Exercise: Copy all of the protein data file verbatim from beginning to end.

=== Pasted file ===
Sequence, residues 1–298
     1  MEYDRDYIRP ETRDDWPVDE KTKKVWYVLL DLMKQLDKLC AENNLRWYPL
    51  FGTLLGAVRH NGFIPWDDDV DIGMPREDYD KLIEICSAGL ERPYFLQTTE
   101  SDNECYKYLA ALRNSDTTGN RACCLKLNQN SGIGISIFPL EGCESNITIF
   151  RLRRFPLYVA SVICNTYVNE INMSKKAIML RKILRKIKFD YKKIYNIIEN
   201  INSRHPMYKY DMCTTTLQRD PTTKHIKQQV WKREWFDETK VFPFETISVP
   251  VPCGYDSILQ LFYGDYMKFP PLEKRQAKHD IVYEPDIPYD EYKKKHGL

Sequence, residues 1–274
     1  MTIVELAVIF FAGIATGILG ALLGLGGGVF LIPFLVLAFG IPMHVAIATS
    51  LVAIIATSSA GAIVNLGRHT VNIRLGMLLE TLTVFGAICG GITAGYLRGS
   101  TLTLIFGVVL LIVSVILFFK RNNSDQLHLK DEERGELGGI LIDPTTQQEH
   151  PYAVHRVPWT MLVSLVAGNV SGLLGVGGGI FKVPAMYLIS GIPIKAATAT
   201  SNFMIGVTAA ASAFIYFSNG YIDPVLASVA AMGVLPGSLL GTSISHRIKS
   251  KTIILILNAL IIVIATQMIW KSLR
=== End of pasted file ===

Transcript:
Sequence, residues 1–298
     1  MEYDRDYIRP ETRDDWPVDE KTKKVWYVLL DLMKQLDKLC AENNLRWYPL
    51  FGTLLGAVRH NGFIPWDDDV DIGMPREDYD KLIEICSAGL ERPYFLQTTE
   101  SDNECYKYLA ALRNSDTTGN RACCLKLNQN SGIGISIFPL EGCESNITIF
   151  RLRRFPLYVA SVICNTYVNE INMSKKAIML RKILRKIKFD YKKIYNIIEN
   201  INSRHPMYKY DMCTTTLQRD PTTKHIKQQV WKREWFDETK VFPFETISVP
   251  VPCGYDSILQ LFYGDYMKFP PLEKRQAKHD IVYEPDIPYD EYKKKHGL

Sequence, residues 1–274
     1  MTIVELAVIF FAGIATGILG ALLGLGGGVF LIPFLVLAFG IPMHVAIATS
    51  LVAIIATSSA GAIVNLGRHT VNIRLGMLLE TLTVFGAICG GITAGYLRGS
   101  TLTLIFGVVL LIVSVILFFK RNNSDQLHLK DEERGELGGI LIDPTTQQEH
   151  PYAVHRVPWT MLVSLVAGNV SGLLGVGGGI FKVPAMYLIS GIPIKAATAT
   201  SNFMIGVTAA ASAFIYFSNG YIDPVLASVA AMGVLPGSLL GTSISHRIKS
   251  KTIILILNAL IIVIATQMIW KSLR